For grain bulls, the trouble with Thursdays is that they return focus to the demand side of the balance sheet.
It is on Thursdays that the US Department of Agriculture releases its weekly briefing on US export sales.
And these are something of a source for concern, with the more elevated prices seen in the US, following its dismal spring sowings season, driving importers elsewhere, and not a plus for domestic demand either.
Take, for instance, the weaker-than-expected weekly US ethanol production data on Wednesday, and the talk of southern eastern US protein producers importing two cargos of South American soymeal.
So it was not too much of a surprise that many ag contracts made a bit of a tentative start to trading, with wheat notably soft, as investors took profits on gains made in the last session on weakened expectations for Russian output.
The Chicago September wheat contract stood down 0.9% at $4.93 ½ a bushel as of 09:45 UK time (03:45 Chicago time), although staying comfortably above its 100-day moving average.
Not that the weakened Russian crop expectations are immaterial - with export forecast downgrades likely to follow, and a potential shift of some demand to other exporters.
Still, that is for later. USDA wheat export sales data for last week are expected at 200,000-450,000 tonnes, compared with 347,290 tonnes the week before.
Other factors being watched by investors include Europe’s heatwave, although that is very much of an issue for corn and sunflowers, still in their growing phase, rather than wheat, much of which has been harvested.
Benson Quinn Commodities noted “frost in Brazilian wheat country” as a “spark to push wheat values higher” in the last session.
As for corn itself, US export sales last week are expected at 150,000-400,000 tonnes for 2018-19 (as ends next month for the crop, and soybeans) and 100,000-300,000 tonnes for next season.
That compares with the, hardly impressive, figures of 200,009 tonnes and 132,997 tonnes revealed for the previous week.
“We look for poor USDA export sales to be reported,” said Terry Reilly at Futures International.
Still, Chicago corn futures for December posted a modest loss of 0.1% to $4.30 ½ a bushel, protected from profit-taking by its soft performance by the last session, and also offered support by Europe’s heatwave.
ADM Investor Services noted “record-breaking temperatures across Europe leaving scorched fields and frustrated farmers.
“Some farmers in France and Germany may harvest corn early for silage to build animal feed supplies rather than collecting crops as grain to sell on the open market.”
Soybeans, for which there could be a better demand story unfolding, fared better, adding 0.3% to $9.11 a bushel for November delivery, nudging back above its 20-day moving average.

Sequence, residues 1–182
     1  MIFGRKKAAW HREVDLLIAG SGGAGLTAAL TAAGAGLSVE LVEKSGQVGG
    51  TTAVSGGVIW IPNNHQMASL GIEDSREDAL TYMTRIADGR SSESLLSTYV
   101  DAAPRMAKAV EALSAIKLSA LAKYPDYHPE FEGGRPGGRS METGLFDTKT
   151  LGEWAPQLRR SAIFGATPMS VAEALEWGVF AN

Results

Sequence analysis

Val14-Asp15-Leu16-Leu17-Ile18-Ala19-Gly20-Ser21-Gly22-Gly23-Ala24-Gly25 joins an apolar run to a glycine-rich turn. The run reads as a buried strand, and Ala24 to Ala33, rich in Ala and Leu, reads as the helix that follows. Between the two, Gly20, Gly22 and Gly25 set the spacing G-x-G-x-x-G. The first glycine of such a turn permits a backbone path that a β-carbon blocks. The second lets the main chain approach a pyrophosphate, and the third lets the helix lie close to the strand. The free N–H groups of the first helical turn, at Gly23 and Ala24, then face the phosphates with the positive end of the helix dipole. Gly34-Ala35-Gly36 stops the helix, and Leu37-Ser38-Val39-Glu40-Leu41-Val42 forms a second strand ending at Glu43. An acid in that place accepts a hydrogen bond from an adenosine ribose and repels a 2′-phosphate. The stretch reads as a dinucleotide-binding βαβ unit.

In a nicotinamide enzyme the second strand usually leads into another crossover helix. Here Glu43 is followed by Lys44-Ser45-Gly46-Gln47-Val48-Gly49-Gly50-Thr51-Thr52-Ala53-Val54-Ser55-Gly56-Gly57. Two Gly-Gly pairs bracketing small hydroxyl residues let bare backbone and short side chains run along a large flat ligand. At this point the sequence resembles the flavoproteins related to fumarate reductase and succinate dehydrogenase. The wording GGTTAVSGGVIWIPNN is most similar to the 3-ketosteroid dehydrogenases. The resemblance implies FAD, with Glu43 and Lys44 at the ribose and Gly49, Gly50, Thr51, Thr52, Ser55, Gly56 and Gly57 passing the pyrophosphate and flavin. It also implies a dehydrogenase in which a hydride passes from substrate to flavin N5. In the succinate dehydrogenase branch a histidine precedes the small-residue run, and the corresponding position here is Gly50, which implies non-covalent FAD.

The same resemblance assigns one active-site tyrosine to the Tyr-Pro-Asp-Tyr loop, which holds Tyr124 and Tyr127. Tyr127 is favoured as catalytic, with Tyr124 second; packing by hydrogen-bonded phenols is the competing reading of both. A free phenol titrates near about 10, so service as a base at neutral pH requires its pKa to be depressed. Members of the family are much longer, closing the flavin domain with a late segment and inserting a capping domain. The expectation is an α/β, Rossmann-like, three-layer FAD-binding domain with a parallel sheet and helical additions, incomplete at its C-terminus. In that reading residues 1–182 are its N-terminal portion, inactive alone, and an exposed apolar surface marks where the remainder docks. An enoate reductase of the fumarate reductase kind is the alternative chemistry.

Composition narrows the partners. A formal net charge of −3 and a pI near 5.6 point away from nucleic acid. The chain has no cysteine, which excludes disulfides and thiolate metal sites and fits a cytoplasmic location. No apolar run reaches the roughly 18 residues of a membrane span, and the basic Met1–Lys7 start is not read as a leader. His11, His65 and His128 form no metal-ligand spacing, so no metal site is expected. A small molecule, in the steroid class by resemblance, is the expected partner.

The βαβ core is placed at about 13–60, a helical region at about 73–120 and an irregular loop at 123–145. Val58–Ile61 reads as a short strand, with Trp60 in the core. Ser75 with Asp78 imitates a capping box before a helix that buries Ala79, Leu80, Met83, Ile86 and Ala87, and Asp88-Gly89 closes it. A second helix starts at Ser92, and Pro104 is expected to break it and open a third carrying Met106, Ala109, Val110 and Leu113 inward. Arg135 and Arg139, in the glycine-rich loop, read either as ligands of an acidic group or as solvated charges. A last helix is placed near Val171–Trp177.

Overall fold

Not that US soybean export sales for last week, at up to 300,000 tonnes both for old crop and new, would be monumental.
(The previous week’s, at 127,890 tonnes for 2018-19 and 198,367 tonnes for next season, were hardly wonderful either.)
But there are ideas that a renewal by the US and China of talks on a trade deal could encourage a bit of demand from Chinese crushers, the world’s top importers.
‘China bought three cargoes’
Futures International’s Terry Reilly noted talk that “China bought three cargoes out of the Pacific North West”, as some $0.75 a bushel above November futures, for October loading.
“This would have been about $0.10 cheaper from what was offered prior to the sale.
“We could not verify this sale, but it makes sense since Brazil could run out of soybeans to export by the end of October,” with the South American country’s export supplies weighted more to earlier months in the calendar year, reflecting the timing of its harvest.
On our cash sheet, Brazil has no offers for 2019-20 [on a February-to-January basis] after October 2019.”
The oilseeds sector is also gaining support from buoyant vegetable oil prices, gaining support from factors including the weak EU rapeseed harvest, the poor monsoon in top vegoil importer India and reviving oil prices (with vegoils used largely in making biodiesel).
Chicago soyoil futures for December added 0.5% to 28.95 cents a pound, also seen as gaining from spreading (or unwinding of spreads) against soymeal, values of which have been depressed by the talk of US imports from South America.
Soymeal for December actually stood unchanged at $312.80 a tonne.
In Kuala Lumpur, palm oil gained 0.5% to 2,040 ringgit a tonne, hitting a six-month high.
And this despite some soft data on Malaysian palm exports from cargo surveyors, with ITS putting shipments for the first 25 days of July at up 0.7% month on month, compared with an 11.6% pace of increase as of July 15.
Amspec Agri saw exports falling 4.3% month on month as of July 25, compared with a 3.0% pace of increase as of July 15.